Cesar Sayoc, Evangelicals, Political Tribalism: 3 Stories You Should Read 10/26/2018
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In the category of: Seriously, did you see his van??
Cesar Altieri Sayoc has been arrested in connection with the suspicious packages that were sent across to various liberal personalities and CNN. Sayoc was named as the suspect by NY1’s Myles Miller. Sayoc is 54 years old and is a resident of Aventura, Florida.
It was that CNN’s reporter, Shimon Prokupecz, who first tweeted that a suspect had been taken into custody. The arrest took place in Plantation, Florida, on the morning of October 26. Plantation is a suburb of Fort Lauderdale, located a few miles west of the city. Multiple sources reported that Sayoc’s arrest took place outside of an auto parts store close to State Road 7 and Southwest 6th Street in the area.
In the category of: Inquiring minds really want to know.
“Nobody was willing to defend their stance on camera with me.”
Why did white evangelicals support Trump in such numbers? And why do they still support him? That’s what independent filmmaker Christopher Maloney, 32, whose documentaries have appeared on PBS and the Discovery Channel, decided to find out.
In his documentary In God We Trump, now on iTunes and Amazon Prime Video, Maloney explored the long-standing relationship between white evangelicals and the GOP, and how Trump captured not only the GOP nomination but the party’s full-throated support.
I spoke with Maloney about his filmmaking process, Christian nationalism, justifications for Trump, and the end of days. The interview has been condensed and lightly edited for length and clarity.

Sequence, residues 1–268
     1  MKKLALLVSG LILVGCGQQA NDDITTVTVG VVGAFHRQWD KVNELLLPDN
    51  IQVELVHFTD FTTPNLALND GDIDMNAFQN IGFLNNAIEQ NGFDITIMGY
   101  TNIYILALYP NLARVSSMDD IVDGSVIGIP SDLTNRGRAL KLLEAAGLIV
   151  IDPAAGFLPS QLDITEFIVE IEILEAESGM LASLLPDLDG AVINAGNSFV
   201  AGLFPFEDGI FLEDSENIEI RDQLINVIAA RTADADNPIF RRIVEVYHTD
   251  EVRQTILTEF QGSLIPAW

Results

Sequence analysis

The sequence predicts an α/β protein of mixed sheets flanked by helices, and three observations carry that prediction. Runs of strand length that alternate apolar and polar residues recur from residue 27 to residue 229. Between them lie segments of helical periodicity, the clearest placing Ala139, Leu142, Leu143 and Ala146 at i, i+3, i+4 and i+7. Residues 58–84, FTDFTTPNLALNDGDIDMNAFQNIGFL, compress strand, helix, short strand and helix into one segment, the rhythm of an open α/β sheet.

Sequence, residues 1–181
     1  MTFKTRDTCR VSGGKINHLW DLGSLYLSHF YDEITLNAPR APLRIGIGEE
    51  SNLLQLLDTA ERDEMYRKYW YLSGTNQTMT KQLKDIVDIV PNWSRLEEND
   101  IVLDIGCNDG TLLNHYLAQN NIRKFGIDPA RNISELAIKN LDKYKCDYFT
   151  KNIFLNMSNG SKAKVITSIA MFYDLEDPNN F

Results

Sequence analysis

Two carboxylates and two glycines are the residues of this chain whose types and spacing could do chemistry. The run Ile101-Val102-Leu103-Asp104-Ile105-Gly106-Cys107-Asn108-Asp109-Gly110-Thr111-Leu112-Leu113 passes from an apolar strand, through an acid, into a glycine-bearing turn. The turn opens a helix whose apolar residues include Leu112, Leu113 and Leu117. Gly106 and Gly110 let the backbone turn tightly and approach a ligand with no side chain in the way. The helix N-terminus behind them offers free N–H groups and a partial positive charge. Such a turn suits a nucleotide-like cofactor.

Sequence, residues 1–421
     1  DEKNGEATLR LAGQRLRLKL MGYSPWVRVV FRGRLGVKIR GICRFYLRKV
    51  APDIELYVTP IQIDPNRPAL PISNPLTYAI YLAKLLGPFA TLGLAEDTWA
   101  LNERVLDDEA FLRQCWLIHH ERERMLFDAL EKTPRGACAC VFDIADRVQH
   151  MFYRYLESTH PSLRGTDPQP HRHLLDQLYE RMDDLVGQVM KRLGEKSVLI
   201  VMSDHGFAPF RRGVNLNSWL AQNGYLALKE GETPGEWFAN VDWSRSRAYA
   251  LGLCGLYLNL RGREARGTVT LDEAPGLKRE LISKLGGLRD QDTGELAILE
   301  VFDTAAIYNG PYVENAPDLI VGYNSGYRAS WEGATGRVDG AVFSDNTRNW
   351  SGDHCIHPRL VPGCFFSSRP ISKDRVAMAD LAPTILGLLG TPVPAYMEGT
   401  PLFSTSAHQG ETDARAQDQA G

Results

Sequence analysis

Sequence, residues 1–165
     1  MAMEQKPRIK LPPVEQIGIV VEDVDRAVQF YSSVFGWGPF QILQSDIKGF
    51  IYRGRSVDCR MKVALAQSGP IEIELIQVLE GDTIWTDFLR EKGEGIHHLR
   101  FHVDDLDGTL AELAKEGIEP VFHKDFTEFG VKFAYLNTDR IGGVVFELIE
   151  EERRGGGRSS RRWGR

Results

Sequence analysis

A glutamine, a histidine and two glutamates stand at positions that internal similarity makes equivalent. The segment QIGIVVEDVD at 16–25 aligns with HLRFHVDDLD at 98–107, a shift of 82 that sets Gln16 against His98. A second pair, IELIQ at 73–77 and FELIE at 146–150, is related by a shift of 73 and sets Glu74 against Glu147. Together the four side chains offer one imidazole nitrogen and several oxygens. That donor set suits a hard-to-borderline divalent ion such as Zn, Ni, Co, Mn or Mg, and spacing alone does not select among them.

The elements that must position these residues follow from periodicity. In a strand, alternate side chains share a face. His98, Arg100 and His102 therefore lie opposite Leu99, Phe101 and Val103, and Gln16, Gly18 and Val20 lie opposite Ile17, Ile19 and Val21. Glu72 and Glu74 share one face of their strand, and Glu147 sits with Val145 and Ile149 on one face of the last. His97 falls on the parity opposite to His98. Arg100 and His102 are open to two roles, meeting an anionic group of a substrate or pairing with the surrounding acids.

In the category of: It’s a thing we all need understand way better than we do.
Things may be bleak, but don’t give up all hope, says MSNBC’s Steve Kornacki.
To understand where we are now, we have to look back to the 2000 election. “The Bush-Gore election was the closest the country had had in a generation. And what people saw that election night, and throughout that whole recount, was this map where the divisions were just so stark,” he says. “The entire South was Republican red, the Northeast was Democratic blue, the Pacific Coast was Democratic blue. The interior was Republican red. These concepts of red and blue then took on a life of their own.”
Those political maps, though, had long been in the making, Kornacki notes, growing from a series of political wars in the 1990s featuring Bill Clinton and Newt Gingrich—and intensified by an emerging cable news ecosystem.
“Not much more than a generation ago, there was a lot of diversity ideologically. The idea of being a Democrat or Republican could mean very different things in different parts of the country,” he says. “I think what the political wars of the ’90s did…they had had the effect of nationalizing politics. They [created] a very common political experience, a very common political story for the entire nation.”
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